We were in the Eastern Province of Rwanda. My fourth trip to that country—my first time in that province. I think it’s safe to say, not too many white folks get out that way. It’s more rugged, with more dirt roads heading off to (where?) than other areas. My organization, Barnabas Africa, got connected to pastors in very remote spots. In one of our seminars, we actually created the unity; we brought the pastors together for the first time. We did three seminars, training a total of 150 pastors. To get to our second site, we took a dirt road (in the rain, a MUD ROAD) for ten miles to a village. It reminded me of some 4WD roads up in the Sierras! Rugged! The host pastor later told my representative, Pastor Dominic, that we were the first Muzungu Pastors (white pastors) to EVER visit his village! We recorded several pastors in interviews, and one of them said it was the first training OF ANY KIND he had ever been to! And remember, many of these pastors have the equivalent of a grammar school education. We hit the basic subjects: Old and New Testaments (each book); Preaching, Unity, Counseling Traumatized People, Hermeneutics. Each pastor received in their own Kinyarwandan language, an 85 page syllabus, with complete notes. I found out that there is NO Bible Concordance in Kinyarwandan! I hope to do something about that before next year.
When we are discontented, even discouraged, or worse—bored, I hope that we (as American pastors) will realize how blessed we are! If you would like to consider training pastors in a developing country, hit me up. I’d love to chat with you about it.
I’ve been amazed over the years how words trip in and out of vogue in certain communities. When I was a graduate student, the journals, magazine articles, and study carrel conversations were filled with the phrase “paradigm shift”, referring to change in the assumptions of many Western Christians. Less formally, “shucks” became “stink” became “snap”. Leadership writing today prolifically promulgates the term “metrics”, as in, “Your process is deficient. It has no metric. How can you evaluate production?”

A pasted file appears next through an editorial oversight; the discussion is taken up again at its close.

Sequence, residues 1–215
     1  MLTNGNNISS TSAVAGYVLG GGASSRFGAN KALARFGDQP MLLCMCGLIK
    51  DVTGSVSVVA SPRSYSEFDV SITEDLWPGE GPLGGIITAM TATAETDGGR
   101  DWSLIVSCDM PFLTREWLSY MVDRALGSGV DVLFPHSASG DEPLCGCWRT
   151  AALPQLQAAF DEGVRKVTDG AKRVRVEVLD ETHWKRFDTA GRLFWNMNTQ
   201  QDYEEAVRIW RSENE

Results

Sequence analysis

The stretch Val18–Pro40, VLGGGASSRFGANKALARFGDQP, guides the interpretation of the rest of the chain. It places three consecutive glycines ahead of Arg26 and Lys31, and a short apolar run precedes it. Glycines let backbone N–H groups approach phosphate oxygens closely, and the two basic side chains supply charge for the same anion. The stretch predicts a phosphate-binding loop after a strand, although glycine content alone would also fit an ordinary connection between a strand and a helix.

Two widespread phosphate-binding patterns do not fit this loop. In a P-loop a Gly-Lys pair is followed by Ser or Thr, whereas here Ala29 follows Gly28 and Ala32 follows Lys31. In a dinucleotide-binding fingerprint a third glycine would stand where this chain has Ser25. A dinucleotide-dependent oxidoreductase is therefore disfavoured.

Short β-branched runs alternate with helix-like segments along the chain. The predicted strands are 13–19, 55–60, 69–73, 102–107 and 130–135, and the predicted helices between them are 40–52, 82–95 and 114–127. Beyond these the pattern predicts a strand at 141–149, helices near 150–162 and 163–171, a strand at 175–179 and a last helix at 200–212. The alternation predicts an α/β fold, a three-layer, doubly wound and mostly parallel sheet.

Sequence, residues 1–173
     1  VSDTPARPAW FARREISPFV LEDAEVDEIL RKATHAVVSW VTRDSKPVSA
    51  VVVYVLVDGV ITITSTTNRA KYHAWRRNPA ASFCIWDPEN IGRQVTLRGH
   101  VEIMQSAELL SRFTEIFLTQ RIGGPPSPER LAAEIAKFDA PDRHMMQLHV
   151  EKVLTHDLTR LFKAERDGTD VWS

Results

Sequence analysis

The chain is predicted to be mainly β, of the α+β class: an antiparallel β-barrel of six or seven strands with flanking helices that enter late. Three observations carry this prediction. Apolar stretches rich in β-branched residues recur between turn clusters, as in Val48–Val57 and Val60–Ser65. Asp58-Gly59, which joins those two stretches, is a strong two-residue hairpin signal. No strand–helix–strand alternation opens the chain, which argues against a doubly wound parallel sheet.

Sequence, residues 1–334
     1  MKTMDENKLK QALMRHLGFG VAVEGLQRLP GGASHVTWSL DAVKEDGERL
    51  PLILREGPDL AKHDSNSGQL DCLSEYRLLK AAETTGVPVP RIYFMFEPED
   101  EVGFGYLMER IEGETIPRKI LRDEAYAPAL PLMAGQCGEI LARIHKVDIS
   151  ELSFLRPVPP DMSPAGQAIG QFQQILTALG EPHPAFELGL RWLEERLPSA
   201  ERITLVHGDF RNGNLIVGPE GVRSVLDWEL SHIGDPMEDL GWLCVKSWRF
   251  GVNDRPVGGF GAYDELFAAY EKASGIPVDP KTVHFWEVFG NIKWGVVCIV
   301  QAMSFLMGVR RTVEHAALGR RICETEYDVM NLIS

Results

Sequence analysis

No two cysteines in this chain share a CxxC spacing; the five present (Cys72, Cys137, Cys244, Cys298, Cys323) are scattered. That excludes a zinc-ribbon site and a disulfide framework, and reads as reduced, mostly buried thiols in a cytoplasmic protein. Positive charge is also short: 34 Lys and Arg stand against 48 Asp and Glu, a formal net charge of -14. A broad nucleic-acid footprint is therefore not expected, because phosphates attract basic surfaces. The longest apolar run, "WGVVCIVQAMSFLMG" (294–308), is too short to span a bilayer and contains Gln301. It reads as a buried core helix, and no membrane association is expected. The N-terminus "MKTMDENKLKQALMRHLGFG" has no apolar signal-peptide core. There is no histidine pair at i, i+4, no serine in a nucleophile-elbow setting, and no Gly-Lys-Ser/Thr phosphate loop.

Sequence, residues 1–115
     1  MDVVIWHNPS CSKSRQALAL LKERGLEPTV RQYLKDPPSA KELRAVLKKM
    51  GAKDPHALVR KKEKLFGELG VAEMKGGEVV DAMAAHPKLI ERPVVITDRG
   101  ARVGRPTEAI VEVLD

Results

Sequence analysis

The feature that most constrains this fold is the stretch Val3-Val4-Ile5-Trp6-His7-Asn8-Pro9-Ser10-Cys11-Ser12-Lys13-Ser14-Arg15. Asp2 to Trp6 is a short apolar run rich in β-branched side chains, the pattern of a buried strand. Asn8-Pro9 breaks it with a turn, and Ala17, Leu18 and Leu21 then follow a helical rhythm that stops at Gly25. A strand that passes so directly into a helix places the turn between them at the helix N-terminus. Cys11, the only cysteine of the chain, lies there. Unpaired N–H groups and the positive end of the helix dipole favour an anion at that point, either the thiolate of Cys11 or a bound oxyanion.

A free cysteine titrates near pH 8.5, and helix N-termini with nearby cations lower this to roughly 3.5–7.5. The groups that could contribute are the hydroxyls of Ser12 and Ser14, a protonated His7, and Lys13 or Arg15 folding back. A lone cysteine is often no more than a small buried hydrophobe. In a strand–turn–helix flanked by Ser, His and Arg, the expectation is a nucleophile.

Enter your average pastor or missionary. You want to keep it moving on all fronts. You value learning. You desire to see God’s Kingdom gain influence far and wide. Perhaps in your reading you discover “metrics” and, as so often happens, it becomes the fascinating new concept that will revolutionize your ministry. Everything then becomes wrapped around measurability. While this concept or technique is useful, it can also derail the truly important. How do you measure the value of a casual conversation? Can you remember a conversation that changed the course of your life? How can you measure the value of faithful, consistent prayer? Can you graph the empirical changes in someone’s attitude or spiritual condition by creating a new “metric”?
What do you pray about on Sunday mornings? Do you pray for lost souls? We all do that at times. But what about the times when you don’t feel like a “healthy pastor” and you’d rather stay in bed? Do you pray that you’ll just be able to make it through the morning? Do you pray that no one will notice how unprepared you are or how beat up you feel? I’ve been there when the well is dry and I have nothing to give. It’s at those times that I’m thankful that this preaching business is not all about me, my skills, or even my passion. It’s about what the Holy Spirit can do in the lives of people even when my preaching is poor. I’m thankful for that.
I’m also thankful for prayer. Continue reading
I have a dilemma. Both Steve and I come from theological backgrounds where most of “our” churches have “Elder-run Boards”. We can always debate the soundness of that. And there are days when I totally wish I served on a “Pastor-run Board.” OK—whatever your conviction: different strokes for different folks. But now I am in a situation where our church is grooming a young man who will become the permanent Sr. Pastor. (For the record, my only title at the church where I’ve served for about three years now, is “Interim Pastor). My slogan—which I’ve used before the congregation is: “He must increase; I must decrease”. I can now only say “Easier said than done!” In reality it is very difficult to turn loose of power and authority. Continue reading